• jon

    well i didnt expect such a detailed response, but it is likely one of the most valuable posts i’ve read here.

    in my situation, i am finishing my degree and seeking to establish relationships with good people. but reading this post i’m convinced that a relationship with someone, no matter how high they worked at HP, who does not see the value in my work and does not seek to compensate me accordingly is not a relationship i should rationalise.

    in my short time as a designer i’ve had dozens of requests to do work for later pay or some ghostly percentage. never is anything spelled out, and i realize that even with this latest job, i have been too cowardly to demand my fair rate. i know others have written about that skill, but i’d love to hear your take (feel free to link to a previous post i’ve missed) on how to establish your value and assert that to the client. i enjoyed your previous post about discarding clients who are of little value, but how do i establish my worth up front so i can be sure to avoid these situations altogether?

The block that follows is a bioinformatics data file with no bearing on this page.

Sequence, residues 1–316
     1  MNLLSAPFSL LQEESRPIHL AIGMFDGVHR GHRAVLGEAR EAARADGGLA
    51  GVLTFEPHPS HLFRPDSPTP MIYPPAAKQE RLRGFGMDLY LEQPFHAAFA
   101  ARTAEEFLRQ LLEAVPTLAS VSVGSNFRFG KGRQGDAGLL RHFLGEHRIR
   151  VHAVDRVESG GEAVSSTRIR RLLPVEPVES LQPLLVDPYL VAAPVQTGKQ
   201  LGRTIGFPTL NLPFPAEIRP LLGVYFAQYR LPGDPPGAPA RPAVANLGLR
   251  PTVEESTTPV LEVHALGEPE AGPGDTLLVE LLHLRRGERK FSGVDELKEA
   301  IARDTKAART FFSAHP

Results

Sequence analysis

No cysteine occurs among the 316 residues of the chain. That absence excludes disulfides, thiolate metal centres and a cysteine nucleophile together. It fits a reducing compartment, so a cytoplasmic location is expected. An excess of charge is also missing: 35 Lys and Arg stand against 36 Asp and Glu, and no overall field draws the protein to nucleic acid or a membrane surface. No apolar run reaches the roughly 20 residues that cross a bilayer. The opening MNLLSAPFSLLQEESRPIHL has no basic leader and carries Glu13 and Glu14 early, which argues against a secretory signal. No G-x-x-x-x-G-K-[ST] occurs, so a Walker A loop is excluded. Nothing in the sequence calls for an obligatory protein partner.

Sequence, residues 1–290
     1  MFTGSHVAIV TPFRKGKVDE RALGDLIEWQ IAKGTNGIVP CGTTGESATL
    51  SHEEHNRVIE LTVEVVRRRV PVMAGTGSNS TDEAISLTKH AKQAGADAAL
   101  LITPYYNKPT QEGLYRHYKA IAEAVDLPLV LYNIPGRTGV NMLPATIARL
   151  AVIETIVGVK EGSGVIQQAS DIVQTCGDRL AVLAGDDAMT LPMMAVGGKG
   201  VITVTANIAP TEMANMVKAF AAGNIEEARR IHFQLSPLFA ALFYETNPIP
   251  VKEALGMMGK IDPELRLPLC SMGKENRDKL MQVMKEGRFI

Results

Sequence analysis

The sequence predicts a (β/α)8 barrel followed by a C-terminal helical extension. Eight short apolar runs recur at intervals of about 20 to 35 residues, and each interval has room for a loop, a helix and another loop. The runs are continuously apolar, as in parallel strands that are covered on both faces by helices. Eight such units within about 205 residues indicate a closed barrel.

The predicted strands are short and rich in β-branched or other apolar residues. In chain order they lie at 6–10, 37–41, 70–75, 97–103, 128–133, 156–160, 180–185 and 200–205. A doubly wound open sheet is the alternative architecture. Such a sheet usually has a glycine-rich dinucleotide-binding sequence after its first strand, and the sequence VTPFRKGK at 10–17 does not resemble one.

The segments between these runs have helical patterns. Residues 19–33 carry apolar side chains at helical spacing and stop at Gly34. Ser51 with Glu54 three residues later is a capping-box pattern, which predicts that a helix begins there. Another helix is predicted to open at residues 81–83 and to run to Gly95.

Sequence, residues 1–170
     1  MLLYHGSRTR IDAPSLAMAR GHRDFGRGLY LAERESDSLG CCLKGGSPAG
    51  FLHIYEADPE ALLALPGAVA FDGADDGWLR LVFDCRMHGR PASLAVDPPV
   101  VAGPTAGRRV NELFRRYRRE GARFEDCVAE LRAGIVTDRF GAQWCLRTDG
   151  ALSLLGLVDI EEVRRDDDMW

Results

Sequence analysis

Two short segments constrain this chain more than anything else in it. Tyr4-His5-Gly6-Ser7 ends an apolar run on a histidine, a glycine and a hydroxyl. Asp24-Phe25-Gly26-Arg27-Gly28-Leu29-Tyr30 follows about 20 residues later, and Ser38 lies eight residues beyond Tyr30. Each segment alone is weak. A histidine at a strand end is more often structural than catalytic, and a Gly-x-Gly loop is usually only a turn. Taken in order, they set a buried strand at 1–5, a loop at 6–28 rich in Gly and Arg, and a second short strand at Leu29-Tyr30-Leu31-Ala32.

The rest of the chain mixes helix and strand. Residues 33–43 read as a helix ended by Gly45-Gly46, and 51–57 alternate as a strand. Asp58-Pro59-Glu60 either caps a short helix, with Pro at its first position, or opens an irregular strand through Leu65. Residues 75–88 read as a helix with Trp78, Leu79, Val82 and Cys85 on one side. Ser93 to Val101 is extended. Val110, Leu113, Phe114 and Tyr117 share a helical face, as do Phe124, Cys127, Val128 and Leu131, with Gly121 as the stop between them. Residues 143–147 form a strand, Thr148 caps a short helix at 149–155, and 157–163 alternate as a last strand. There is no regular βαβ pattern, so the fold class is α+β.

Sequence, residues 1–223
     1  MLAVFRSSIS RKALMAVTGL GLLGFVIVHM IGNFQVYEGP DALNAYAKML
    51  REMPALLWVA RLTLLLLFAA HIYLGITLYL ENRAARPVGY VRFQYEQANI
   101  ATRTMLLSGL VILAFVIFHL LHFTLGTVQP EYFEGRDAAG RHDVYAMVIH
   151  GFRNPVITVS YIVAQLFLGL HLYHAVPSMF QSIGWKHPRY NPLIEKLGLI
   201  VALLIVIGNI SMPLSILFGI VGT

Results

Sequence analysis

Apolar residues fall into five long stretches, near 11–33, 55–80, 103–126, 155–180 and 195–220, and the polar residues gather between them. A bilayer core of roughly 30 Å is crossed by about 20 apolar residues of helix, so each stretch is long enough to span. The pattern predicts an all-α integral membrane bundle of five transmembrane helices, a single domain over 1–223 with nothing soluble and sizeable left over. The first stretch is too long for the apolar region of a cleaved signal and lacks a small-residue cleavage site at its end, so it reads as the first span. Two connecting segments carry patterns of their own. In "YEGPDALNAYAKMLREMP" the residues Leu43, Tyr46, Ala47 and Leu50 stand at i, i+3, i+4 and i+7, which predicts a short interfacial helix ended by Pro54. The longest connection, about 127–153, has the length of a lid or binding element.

• Great blog, Andrew.

    I’ve gone down this road many times before, and in the past had even accepted commission-based work for startups. This brought many dangers, I was later to find out.

    For starters, many startups fail–that is a given. Be it lack of capital or simple lack of business acumen, the venture fails and thusly we are caught with our pants down, having essentially donated our time and talent, for nothing.

    For those few ventures that DO succeed, it may take years to recoup the time invested. It could be argued that the “partnership” was a long-term investment, but I couldn’t help but think about how much billable work I could have earned during that time–a time early on when paying clients was desperately needed!

    A bird in the pocket is worth two in the brush, isn’t that how the saying goes? I’m not sure why you would want birds in your pocket, but I think you can draw a parallel. ;)